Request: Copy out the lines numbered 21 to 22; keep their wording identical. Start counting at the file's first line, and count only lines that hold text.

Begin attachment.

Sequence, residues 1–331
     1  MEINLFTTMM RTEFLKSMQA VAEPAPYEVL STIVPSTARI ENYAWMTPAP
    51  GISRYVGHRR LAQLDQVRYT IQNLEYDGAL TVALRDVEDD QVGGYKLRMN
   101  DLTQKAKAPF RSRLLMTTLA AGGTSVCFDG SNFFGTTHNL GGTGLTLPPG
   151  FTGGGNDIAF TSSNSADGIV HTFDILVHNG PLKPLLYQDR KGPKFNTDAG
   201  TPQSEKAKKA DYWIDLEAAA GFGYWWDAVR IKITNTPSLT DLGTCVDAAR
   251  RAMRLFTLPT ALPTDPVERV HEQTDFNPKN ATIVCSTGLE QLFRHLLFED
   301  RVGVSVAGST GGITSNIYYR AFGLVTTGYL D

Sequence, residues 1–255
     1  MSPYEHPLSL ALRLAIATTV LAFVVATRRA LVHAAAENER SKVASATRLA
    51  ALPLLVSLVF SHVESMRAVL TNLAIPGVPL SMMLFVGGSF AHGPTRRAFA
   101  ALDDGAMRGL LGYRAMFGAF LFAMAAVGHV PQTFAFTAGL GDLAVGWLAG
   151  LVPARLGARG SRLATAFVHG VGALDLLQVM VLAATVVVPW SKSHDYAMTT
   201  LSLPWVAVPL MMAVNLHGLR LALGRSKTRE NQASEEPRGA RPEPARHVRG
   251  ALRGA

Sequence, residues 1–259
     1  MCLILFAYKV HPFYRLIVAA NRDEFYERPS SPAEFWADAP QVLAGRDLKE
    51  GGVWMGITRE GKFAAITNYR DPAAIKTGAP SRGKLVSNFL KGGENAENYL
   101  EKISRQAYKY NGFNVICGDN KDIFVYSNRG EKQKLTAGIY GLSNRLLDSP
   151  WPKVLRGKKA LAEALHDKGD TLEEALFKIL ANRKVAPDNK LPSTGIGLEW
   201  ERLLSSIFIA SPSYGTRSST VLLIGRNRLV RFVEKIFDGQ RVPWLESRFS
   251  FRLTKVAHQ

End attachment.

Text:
   201  ERLLSSIFIA SPSYGTRSST VLLIGRNRLV RFVEKIFDGQ RVPWLESRFS
   251  FRLTKVAHQ